Jormungand Vol 2

Written by Keitaro Takahashi
Illustrated by Keitaro Takahashi

The story of Jonah's unlikely alliance with a complex arms dealer continues as we learn more about Koko's ability to manipulate anyone to get what she wants. The life of an arms dealer is a dangerous one and with two expert hit men on the scene in the Middle East, Jonah must keep her safe, even as what he learns might make him want to do otherwise. Can the team stop an assassination of Koko against such determined opposition that works in harmony? And even if they do, what happens when Koko comes face to face with yet another terrible force--her own brother?

The mindless fun and explosions continues in this second volume of Jormungand, with a duo of killers who think that there's music in the spheres of death. We even get a funny bit of fan service denied (which amused the hell out of me) as a character is known for forgetting what ever mother tells you to wear daily. The catch? We never get to see anything and the reason for it is completely stupid and almost random. Absolutely brilliant. Touches like that are a bit reason why I find this manga so much fun despite the high body count and general disregard for human life. Tweaking tropes on the nose are always good for getting and holding my attention.

Takahashi does more than that, however. In between the battling, we're starting to see a darker depth to the seemingly carefree Koko. Despite being in danger for a good chunk of the manga, she's got control over everyone else in a way that makes the reader like her a lot less and swing us back to Jonah's original position of hatred for arms dealers. Via Jonah, we see some private moments that make it clear that Koko is indeed as cruel and calculating as her occupation suggestions. She and her crew may be villains you want to see in action (and even root for from time to time, depending on the situation), but at the end of the day, this volume of Jormungand makes it clear that they are in fact evil people praying on the cruelty of humanity.

I think the biggest hammer driving this point home is when Takahashi slips just a bit into preaching mode. Via Koko, we get a blow by blow of how much humanity values violence, especially compared to the desire to help your fellow man. It's a short enough passage to forgive the digression into lecture, and I thought he did a pretty good job of trying to make it seem natural. It certainly helped show Koko's true colors, but I admit it threw me out of the story just a bit. I hope these moments are few and far between going forward.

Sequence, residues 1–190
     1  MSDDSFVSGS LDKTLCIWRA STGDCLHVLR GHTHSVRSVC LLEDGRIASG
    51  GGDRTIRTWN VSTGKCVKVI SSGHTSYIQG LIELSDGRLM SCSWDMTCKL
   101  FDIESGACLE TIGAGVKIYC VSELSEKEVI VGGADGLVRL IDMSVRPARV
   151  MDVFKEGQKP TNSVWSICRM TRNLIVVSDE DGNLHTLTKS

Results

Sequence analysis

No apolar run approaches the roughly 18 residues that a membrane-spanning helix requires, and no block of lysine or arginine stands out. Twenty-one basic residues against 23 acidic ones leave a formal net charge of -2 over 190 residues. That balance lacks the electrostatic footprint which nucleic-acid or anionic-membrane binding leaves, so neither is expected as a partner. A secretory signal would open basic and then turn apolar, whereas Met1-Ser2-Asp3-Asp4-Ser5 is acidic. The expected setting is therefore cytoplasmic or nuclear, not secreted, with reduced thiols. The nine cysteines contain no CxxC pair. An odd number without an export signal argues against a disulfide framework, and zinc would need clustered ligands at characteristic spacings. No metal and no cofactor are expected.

Though I enjoyed the added depth this time, Jormungand's primary draw is the action, and Takahashi delivers in spades. We only have one foe this time, but that's okay because they make an awesome pair that felt like a credible opponent for Koko's well-trained crew. I was able to follow the action pretty well (always important to me in a manga with battle scenes), with only a few moments where I felt unsure of what had occurred. The chess match of escalation between the two sides worked very well, reminding me a bit of old Looney Tunes sketches where two sides would get increasingly powerful weapons. Koko's team doesn't even win every skirmish, either, which was another nice touch. I kinda predicted the ending to the conflict, but that's okay. It still made a lot of sense within context and build logically from what came before it. All in all, it was better than a lot of Hollywood movies.

Jormungand Volume 2 ends on a cliffhanger that suggests we're going to learn more about why Jonah is with Koko's group in the first place. He's starting to find his own way within this world, and it will be interesting to see what Koko does as Jonah continues to rebel, given that she runs a tight ship. I'm sure that will form some of the underlying plot of future volumes, which I definitely plan to read. As I said before, Jormungand isn't for everyone, but if you like a dose of senseless violence with intelligent plotting and a bit of depth, give this manga a try. I'm pretty sure you'll like it a lot. I know I do. This is a likely candidate for my 2010 favorites list.